Comprehensive sex education is the most realistic way of teaching sex education today. While remaining abstinent is the only way to be one-hundred percent sure one will not have an unwanted pregnancy or contract a Sexually Transmitted Disease (STD), it is unrealistic in today’s society. Teenagers, as well as adults, are engaging in premarital sexual activity. STDs can be a serious or life-threatening disease. Effective comprehensive sex education should contain information detailing sexual development and reproduction, methods of birth control, STDs and Human Immunodeficiency Virus (HIV), abortion, and the different religious and cultural views on sex and sexual diversity. With this information, young people are better equipped to make choices regarding their sexual behavior. The debate is not whether one agrees or disagrees with premarital sex. The debate is whether one is educated enough in helping reduce the spread of unwanted pregnancies and STDs by knowing how to correctly use contraception.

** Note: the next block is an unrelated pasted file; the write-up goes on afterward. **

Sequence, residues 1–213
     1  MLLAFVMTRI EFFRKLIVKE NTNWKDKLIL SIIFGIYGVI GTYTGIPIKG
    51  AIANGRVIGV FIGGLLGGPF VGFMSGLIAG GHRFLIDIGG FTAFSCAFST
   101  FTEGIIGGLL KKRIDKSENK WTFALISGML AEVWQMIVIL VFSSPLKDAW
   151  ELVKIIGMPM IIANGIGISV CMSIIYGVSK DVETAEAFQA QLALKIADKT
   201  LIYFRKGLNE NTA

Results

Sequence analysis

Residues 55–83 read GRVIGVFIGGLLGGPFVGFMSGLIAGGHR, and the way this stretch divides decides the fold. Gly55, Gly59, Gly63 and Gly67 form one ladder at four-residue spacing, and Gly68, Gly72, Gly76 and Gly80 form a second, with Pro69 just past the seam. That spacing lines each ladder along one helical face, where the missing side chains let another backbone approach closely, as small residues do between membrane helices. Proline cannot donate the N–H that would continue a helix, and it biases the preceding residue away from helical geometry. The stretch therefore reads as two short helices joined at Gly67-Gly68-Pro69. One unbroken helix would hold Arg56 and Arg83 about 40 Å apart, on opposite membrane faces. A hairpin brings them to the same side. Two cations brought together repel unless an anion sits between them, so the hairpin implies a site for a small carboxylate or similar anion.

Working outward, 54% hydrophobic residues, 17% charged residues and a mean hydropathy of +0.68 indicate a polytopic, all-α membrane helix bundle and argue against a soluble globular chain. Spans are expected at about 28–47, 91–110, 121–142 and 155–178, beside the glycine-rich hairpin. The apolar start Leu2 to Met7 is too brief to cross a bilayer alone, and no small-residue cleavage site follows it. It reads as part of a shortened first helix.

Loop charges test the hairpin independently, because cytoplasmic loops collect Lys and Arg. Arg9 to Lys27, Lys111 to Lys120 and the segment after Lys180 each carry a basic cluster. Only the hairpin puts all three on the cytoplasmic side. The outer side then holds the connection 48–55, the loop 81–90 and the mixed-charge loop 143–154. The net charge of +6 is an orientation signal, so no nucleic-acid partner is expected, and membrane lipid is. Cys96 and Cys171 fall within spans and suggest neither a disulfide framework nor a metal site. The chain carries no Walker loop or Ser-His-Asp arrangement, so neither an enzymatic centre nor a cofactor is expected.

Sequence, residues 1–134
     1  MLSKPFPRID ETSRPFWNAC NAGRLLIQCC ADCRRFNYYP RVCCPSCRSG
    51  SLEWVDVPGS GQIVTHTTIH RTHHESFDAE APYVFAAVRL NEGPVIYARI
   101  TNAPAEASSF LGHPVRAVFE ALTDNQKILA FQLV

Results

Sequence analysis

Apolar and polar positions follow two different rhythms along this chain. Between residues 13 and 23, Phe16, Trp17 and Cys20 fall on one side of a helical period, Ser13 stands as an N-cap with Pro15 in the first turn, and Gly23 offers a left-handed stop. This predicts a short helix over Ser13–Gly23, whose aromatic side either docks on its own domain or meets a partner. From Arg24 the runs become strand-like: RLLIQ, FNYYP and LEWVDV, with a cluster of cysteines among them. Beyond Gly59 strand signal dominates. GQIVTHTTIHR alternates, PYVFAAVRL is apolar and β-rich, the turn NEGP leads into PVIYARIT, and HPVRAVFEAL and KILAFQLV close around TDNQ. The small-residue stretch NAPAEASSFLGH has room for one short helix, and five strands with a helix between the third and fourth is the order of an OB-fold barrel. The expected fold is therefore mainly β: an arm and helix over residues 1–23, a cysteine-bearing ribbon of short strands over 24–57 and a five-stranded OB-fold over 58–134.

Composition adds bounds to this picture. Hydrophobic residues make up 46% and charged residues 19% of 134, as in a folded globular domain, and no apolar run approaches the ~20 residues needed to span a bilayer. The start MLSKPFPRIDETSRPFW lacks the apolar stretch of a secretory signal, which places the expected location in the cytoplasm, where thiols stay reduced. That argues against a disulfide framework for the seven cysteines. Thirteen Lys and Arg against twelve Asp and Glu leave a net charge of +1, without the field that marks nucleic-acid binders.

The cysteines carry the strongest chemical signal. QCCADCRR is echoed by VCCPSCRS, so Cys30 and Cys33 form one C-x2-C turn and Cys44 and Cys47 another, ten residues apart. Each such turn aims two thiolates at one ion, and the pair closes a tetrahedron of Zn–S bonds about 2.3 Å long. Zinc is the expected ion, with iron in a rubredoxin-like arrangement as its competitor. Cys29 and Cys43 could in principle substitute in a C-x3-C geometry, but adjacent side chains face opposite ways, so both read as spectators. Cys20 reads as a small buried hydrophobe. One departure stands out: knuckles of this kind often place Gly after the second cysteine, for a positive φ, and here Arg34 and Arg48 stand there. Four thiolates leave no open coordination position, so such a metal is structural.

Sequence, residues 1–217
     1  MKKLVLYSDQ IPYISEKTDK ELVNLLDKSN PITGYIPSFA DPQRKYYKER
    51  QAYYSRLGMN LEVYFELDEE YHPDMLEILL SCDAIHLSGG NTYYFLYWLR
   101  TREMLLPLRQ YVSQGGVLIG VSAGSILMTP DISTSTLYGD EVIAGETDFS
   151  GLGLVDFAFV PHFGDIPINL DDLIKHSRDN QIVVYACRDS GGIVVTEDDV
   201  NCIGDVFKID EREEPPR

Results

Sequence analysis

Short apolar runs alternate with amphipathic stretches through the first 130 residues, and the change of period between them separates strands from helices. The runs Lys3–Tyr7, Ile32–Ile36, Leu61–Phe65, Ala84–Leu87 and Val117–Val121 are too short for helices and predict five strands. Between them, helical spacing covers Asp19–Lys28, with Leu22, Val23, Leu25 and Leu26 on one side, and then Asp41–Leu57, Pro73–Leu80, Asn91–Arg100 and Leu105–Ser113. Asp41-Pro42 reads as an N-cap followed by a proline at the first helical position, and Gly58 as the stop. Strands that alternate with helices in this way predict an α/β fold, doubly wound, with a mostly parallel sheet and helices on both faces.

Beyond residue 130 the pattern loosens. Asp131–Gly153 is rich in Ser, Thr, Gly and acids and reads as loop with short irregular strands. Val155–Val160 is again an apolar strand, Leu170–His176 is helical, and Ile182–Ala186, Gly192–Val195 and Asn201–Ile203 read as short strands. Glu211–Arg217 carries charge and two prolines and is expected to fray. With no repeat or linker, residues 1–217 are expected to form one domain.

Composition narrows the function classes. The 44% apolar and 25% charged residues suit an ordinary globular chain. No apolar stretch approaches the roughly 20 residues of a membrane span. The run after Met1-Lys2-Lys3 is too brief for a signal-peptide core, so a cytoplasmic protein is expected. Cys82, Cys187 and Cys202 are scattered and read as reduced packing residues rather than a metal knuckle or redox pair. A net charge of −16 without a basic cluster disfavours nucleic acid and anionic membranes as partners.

The way of teaching sex education has been controversial for quite sometime.
Beginning in 1981 under the Regan Administration, federal funding had been directed to sex education programs that promoted abstinence-only-until-marriage, and excluded any other approaches to sex education (Caplan). This approach has been controversial as the public supports sex education programs to include not only abstinence, but information on contraceptives as well (Caplan). More than seventy percent of young women and eighty percent of young men approve of premarital sex (Caplan). Abstinence will not work against protecting individuals if they want to have sex.
Young Americans want to be sexually active,...
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Friedman, Jane. “Teen Sex.” CQ Researcher 16 Sept. 2005: 761-84. Web. 31 July 2011.
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